Mitchel’s Fold: the first visit.

It’s a warm summers day, and you have nothing to do than what pleases you – so you climb into your car, with a good map, coat (incase the weather turns) and walking stick and follow your instincts which say go where the heart wants.

You hit the road and travel south, where the flat Shropshire plane meets the soft rolling hills of the south of the county; you travel SW towards the Powys border, towards Cordon Hill and notice the strange shape of the hills close to it – you’re drawn by an equally strange desire to walk them, as if some ancient relic of a time long gone by beckons to you. You stop in a lay-by, to stretch your legs – the wind whispers to you, calling you to follow that desire…

The land is full of mystery and myth, as you would expect from an area that borders the modern day countries of England and Wales; this part of the Welsh Marches, has long been linked with legends, the truth of which have disappeared in the dark mists of time…

The range of hills that called you, you find from the OS map you carry, are known as Stapeley Hill, and there at the south-west end lies a stone circle known as Mitchel’s Fold; intrigued you find your way there, along the narrow twisting lanes that rise up to a rough car park, separated from the heath land by a cattle grid – once there, you realise you are travelling back in time some what, and as your foot falls upon the heath land, your eyes take in the surrounding area; to your left, the Longmountain which over looks Welshpool on the otherside; the valley between, where the village of Marton. nestles, now unseen – to your right, the Stipperstones, home to the Fae Queen, the Lady Goda and her human husband Wild Edric; before you the stones of Mitchel’s Fold…

As you walk along the track, nodding in greeting to the other people there, you wonder how old these ruts are – the long forgotten wheels that formed them, were surely driven not by horse power, but horses… you make a mental note to research it once home, and continue up the slight rise until you see the stone circle before you.

A gentle breeze lifts your hair eerily…

You observe: the circle is, of course incomplete and seems quite small, but one stone stands taller than the others, and it to this you walk. Expecting it to be taller than six foot or so, you are amazed that, as you walk towards it, it seems to shrink… you reach out, you hand touching cold hard rough stone, and a tingling rises in your stomach. You recoil, as if stung and check to see, if indeed some unseen insect has been squashed betwix your hand and the stone… but no, nothing.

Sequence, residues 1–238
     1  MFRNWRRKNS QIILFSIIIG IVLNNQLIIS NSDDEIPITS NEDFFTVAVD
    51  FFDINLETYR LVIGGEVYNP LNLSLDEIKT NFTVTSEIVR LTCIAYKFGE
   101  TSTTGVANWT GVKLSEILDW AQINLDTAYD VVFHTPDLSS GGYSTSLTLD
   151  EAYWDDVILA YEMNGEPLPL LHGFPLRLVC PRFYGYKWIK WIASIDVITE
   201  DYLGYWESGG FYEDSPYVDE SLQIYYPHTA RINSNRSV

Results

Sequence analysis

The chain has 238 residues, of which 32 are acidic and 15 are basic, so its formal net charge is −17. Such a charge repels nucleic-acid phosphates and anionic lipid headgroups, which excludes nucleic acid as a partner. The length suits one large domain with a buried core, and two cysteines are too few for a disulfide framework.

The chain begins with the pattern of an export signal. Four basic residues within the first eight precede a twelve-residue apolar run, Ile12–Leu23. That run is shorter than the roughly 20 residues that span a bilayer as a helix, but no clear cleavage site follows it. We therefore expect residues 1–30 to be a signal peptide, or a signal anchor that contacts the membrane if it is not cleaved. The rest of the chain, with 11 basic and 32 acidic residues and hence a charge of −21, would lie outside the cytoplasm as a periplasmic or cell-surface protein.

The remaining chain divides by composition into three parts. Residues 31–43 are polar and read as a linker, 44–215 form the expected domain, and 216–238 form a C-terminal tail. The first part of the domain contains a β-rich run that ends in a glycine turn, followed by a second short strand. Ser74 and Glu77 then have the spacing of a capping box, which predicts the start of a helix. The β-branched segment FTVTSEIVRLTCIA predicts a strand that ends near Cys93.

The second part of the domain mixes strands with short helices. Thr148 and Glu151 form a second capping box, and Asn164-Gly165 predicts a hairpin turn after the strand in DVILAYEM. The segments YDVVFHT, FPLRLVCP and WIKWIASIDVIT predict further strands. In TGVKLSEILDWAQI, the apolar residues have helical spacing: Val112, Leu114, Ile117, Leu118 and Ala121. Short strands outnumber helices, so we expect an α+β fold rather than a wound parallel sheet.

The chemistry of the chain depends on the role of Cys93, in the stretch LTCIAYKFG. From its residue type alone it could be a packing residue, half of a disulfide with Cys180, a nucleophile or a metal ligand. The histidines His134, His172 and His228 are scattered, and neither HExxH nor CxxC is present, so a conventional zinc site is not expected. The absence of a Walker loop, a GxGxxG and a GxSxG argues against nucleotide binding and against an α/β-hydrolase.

You wipe your hand down your jeans and look around to see if anyone has been watching you; for a moment you fancy you see a young woman dressed in long dark skirts, a shawl wraped around her head, loose strands of dark hair blowing wildly in the wind that’s suddenly sprung up; spooked by this vision, you quickly realise you are alone – there is no-one else about; just you, the stones, the land, and the wind… you turn and gaze towards the East and realise the Stipperstones, with the Devils Chair and the Nip Stones are clearly visible. To the West of you runs the Longmountain and you know there are many myths and legends attached to this ancient sacred landscape and that your heart is beating faster with each moment… a tinge of fear rises in your belly; did you really see that woman?

Her image is strong in your minds eye – too strong, and is that someone wistling their dog you can hear? Or is it singing – you keen your hearing, but the wind takes the sound away and then brings it back again… you listen, transfixed at the beauty of the sound; is it the wind in the stones? If you could only hear it more clearly… you wait and listen harder…

Suddenly you come to – as if you’ve been asleep – with a jolt… for a second or two you wonder where you are – but then it was only a moment ago you walked to the circle in which you now stand!

Confused, you shake your head to clear it.

It takes a huge effort to move – your legs are stiff as if you’ve been standing there for an age – you’re cold, un-naturally so and the car now seems along way off.

Is that the sun setting?

Your short walk back to the car is hampered by an unnatural force pulling you in the other direction. You carry on, wondering if your imagination has got the better of you but by the time you get there, your head hurts from the effort and your temples hum with the cold of the wind; even though this is a balm summer, you shiver as if it were winter and pull on your coat, start the engine, put the heater on full and relax with a sigh. You head for home, wondering were the day has gone…

Sun set from Mitchel's Fold.








3 thoughts on “Mitchel’s Fold: the first visit.

  1. I live just up the road from Long Meg stone circle in Cumbria. It’s one of the less-visited ones, and all the better for that. The best way to visit them is alone!

  2. Oh it is best to be alone. I used to have a wonderful fellow to visit Sacred Sites with; we’d walk for miles to find them and thankfully he was very good with a map!

    Not been to Long Meg yet… it’s on the list tho! 🙂

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